Now a lot has taken place on your island to get to this point. You will now have the upgraded residential services, you would have asked the Able sisters to move into the island and open their own clothing store. The twins have opened their store “The Nooks Cranny” as well and the more you sell/ buy it will help it upgrade itself with time. The museum has gotten bigger you would have also met “REDD” the art scammer who tries to sell real art mixed with fake ones and off course Blathers wants you to fill up the art wing. You even get to meet Blathers sister who teaches you about wishing on falling stars on a clear night on the island. You get to meet traveling vendors who stop by to sell shoes, plants and even a fishing completion which is timed to only a few appearances throughout the year. Thereby adding to the seasonal nature of the game.
Speaking of seasonality, the game takes into account real world seasons as well. So, when its fall your trees turn orange when its winter you have snow, they also have themed events as well like Thanksgiving, Halloween, Easter, Cherry Blossom festival, Carnival etc. The wildlife in the game is also timed according to months like for example you catch a Spider Crab which is only in the months of March and April so if you miss catching it then you actually will have to wait a whole year to catch it again.
There is darker side to the game where you could use time skip, where you go in to the console system settings and change your system date to go forward or backward in time but the game developers have accounted that some players will not want to wait so be careful when trying this method. Better read a guide because you can be in for some unpleasant surprise if you jump too far ahead or behind.
By this point in the game you would have also noticed that every Sunday morning a little pig who has a constant cold is seen roaming the island, who sells turnips. Now what’s so special about it you may ask? Well firstly you can only buy them in bundles of 10 at a time and the prices per bundle fluctuates every week. You can only buy turnips on Sundays but cannot sell them on Sundays. Now if you have paid attention Timmy and Tommy will tell you that they don’t purchase turnips on Sundays as a store policy but you can check the turnip prices every day and sell them on any other day. This is essentially the games stock market. There are entire guides and tables you can find if you want to “game” the system. I on the other hand buy some when I feel is a low price and generally like to sell it when I feel the prices is higher than what I paid for. Oh! Fun fact, try leaving some turnips outside and forget to pick them up for a week they will rot and you will find certain bugs around them. So you may have lost your invest but hey, you found some new bugs to donate to blathers.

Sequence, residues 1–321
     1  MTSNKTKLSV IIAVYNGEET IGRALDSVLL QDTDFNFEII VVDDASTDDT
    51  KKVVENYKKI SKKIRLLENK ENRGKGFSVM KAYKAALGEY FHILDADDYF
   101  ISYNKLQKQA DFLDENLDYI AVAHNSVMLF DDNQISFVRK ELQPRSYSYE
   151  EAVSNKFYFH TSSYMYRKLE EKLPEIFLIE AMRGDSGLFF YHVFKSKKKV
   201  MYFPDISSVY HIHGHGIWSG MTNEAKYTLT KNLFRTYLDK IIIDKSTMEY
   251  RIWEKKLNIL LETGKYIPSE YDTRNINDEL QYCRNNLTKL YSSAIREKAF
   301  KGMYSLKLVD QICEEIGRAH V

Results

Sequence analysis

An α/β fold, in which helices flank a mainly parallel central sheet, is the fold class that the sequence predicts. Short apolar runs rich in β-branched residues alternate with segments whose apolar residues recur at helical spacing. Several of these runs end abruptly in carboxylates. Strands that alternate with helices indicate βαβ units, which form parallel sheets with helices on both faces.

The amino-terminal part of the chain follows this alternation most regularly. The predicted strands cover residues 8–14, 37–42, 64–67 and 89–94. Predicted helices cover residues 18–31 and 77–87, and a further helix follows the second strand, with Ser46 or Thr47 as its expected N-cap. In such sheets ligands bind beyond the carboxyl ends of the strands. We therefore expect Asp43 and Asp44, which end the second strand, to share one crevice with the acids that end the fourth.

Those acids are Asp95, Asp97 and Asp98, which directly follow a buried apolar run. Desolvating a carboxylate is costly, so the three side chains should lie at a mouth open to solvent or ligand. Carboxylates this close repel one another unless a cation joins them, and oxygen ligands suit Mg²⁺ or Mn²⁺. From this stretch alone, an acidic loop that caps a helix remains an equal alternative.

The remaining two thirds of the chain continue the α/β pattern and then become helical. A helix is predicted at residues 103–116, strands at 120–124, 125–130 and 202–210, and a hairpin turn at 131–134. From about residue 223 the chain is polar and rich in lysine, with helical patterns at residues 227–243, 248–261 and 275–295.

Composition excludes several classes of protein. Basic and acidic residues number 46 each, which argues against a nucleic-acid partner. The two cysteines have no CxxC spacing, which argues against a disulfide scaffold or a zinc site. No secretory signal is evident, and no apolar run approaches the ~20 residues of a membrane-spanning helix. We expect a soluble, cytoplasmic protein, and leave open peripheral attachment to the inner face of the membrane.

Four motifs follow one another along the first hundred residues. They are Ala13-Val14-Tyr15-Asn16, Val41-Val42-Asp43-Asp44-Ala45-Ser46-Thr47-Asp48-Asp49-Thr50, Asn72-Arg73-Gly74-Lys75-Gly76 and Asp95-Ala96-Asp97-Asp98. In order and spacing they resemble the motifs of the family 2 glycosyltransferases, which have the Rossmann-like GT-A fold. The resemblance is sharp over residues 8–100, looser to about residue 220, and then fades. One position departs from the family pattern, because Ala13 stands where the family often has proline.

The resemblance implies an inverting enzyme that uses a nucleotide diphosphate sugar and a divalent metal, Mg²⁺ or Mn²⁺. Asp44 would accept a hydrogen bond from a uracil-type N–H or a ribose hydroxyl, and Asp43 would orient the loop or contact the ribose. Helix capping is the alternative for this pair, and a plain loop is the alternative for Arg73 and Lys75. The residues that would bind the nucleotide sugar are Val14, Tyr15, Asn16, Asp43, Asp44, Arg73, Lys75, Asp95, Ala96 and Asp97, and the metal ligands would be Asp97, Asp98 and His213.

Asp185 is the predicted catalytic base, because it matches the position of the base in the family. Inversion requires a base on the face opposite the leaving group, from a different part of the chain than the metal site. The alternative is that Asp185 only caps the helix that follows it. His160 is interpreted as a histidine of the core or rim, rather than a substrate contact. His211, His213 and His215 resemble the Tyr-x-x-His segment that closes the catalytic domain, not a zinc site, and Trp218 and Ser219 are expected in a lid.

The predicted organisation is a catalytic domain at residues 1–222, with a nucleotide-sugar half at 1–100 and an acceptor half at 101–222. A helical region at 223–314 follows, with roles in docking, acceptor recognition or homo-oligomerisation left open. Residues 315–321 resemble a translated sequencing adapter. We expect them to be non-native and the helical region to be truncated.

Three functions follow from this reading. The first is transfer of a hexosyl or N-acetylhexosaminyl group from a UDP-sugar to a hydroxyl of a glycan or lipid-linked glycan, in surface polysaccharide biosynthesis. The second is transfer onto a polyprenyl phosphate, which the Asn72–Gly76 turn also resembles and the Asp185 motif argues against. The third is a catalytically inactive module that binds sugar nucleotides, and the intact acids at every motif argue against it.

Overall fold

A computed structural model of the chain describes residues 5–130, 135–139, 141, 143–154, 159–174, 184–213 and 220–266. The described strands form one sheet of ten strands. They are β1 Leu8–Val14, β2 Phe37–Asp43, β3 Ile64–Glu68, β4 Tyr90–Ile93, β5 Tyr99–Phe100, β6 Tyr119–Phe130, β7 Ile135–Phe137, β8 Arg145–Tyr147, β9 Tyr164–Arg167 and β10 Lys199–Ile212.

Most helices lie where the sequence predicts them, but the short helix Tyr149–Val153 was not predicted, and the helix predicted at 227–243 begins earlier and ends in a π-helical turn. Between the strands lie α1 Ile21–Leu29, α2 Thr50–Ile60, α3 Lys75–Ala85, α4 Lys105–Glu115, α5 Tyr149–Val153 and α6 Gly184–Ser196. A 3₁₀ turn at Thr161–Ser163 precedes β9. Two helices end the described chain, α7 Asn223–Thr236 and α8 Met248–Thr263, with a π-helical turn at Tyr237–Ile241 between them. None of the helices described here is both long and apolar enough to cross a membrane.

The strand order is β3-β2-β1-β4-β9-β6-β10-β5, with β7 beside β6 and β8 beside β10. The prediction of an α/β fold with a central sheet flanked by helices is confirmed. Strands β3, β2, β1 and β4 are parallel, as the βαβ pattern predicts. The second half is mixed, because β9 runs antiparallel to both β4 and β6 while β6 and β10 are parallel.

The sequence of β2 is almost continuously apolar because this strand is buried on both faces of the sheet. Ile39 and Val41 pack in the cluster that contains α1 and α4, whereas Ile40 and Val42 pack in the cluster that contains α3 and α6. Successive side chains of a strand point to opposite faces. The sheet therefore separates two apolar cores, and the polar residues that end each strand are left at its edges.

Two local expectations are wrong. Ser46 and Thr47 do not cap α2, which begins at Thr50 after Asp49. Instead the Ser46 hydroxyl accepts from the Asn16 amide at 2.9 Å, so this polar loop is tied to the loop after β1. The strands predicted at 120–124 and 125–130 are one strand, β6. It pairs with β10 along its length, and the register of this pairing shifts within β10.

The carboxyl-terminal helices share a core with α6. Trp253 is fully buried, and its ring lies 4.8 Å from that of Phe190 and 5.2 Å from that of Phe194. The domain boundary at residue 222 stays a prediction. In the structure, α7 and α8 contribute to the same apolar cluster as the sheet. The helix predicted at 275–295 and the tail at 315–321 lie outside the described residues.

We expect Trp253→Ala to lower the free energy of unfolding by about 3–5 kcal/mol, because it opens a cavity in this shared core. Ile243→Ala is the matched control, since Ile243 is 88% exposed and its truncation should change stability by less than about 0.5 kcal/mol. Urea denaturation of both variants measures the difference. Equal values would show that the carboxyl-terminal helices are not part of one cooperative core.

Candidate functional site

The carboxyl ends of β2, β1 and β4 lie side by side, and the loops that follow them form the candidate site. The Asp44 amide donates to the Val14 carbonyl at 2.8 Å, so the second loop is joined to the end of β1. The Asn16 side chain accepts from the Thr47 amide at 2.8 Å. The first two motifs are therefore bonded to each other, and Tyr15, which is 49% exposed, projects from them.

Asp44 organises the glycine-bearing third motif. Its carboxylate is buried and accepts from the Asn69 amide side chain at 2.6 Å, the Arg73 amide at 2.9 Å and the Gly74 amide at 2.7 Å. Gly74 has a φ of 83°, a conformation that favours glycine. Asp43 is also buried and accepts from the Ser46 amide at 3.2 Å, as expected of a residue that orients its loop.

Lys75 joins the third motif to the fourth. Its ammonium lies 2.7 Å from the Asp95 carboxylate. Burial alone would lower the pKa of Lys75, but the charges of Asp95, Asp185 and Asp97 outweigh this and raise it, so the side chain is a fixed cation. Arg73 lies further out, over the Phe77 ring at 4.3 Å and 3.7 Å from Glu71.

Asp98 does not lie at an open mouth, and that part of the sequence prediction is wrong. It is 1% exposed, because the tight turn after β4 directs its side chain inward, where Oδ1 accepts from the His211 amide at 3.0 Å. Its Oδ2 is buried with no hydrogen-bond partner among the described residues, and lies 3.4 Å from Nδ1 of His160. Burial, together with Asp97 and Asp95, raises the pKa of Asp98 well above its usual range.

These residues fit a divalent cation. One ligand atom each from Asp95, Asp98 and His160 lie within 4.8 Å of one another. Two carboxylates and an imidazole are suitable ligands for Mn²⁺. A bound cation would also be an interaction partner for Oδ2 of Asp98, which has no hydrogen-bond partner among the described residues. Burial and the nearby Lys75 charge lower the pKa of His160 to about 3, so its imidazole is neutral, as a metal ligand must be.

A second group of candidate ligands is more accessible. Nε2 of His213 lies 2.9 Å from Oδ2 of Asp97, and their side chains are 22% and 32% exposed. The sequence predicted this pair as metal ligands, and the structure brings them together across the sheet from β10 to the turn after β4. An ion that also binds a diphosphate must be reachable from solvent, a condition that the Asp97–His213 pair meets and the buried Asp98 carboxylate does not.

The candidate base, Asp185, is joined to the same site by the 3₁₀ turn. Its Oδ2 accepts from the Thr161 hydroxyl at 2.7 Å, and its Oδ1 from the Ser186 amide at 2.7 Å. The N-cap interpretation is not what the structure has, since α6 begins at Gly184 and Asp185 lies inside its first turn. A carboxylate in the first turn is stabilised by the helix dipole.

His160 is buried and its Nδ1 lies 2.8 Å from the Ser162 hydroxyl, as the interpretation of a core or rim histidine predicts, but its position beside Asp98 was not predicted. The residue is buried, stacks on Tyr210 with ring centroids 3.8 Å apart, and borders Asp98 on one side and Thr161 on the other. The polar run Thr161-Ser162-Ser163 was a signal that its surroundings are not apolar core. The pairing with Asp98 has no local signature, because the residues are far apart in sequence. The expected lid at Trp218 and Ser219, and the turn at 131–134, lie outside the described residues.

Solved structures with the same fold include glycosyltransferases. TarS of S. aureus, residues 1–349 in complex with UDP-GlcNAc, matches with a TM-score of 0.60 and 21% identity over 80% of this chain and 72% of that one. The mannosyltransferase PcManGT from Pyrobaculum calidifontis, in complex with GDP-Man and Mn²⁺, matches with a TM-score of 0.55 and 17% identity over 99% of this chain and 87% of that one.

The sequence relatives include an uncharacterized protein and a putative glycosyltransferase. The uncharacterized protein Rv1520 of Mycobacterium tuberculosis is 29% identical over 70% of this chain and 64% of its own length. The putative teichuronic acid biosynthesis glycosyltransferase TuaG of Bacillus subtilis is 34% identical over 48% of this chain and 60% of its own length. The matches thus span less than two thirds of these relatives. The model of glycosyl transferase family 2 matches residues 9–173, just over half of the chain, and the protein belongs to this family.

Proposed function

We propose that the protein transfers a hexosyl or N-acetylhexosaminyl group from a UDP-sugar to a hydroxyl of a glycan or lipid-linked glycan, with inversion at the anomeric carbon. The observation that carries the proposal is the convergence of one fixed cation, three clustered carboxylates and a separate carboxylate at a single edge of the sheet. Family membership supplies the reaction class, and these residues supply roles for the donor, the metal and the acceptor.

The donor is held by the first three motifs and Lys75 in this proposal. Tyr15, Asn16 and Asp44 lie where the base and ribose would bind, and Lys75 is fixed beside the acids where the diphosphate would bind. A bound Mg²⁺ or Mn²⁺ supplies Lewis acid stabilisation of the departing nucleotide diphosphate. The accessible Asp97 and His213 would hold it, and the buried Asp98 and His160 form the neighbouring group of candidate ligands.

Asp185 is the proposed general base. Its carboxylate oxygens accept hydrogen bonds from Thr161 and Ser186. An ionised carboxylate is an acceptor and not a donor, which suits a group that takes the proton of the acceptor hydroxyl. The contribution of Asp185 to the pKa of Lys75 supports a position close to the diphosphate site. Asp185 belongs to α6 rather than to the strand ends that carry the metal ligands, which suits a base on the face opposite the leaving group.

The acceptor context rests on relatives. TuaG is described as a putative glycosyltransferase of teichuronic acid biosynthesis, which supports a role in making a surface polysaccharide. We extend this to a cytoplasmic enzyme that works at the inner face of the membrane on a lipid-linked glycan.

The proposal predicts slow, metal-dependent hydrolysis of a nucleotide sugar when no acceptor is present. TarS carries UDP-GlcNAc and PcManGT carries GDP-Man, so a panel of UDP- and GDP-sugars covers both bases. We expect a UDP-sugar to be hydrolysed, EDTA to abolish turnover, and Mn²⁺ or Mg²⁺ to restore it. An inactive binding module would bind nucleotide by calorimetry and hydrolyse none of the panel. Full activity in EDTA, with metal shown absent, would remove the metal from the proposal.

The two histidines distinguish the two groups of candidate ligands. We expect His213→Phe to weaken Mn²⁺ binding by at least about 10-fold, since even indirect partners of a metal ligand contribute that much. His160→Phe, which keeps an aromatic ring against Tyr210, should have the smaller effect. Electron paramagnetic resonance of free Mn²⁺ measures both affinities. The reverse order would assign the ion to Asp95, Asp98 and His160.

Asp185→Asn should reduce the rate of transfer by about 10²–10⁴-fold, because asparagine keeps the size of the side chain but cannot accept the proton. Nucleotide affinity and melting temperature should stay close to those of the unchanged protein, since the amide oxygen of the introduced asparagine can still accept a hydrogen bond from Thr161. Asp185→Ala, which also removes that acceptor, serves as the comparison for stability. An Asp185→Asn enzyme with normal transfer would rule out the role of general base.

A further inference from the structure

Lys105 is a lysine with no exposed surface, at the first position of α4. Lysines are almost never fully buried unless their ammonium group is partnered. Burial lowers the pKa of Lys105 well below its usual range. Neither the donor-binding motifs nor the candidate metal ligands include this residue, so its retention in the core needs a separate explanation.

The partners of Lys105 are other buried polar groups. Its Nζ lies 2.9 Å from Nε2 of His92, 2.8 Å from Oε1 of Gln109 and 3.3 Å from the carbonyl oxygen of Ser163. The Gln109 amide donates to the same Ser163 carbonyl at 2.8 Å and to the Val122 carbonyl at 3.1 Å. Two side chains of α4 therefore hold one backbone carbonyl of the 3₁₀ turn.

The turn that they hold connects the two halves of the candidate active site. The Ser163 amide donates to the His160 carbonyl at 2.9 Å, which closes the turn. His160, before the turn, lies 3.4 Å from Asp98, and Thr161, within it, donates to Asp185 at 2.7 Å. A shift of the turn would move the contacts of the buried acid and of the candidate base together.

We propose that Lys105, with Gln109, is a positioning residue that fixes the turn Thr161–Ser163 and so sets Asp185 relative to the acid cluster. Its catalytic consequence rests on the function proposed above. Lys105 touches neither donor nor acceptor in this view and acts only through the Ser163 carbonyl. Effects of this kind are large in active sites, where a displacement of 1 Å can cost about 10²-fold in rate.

To be honest the time skips and the turnips stock market is the least interesting activity I found myself engaging with throughout my entire playthrough so far. Our island is currently at 4 stars and I want to see what happens when you get to that 5 stars, I can probably look up the answer but I honestly don’t want to. The constructions of bridges and inclines remain the bane of my playthrough as they are so expensive and you really cannot have more than one construction project going at a time.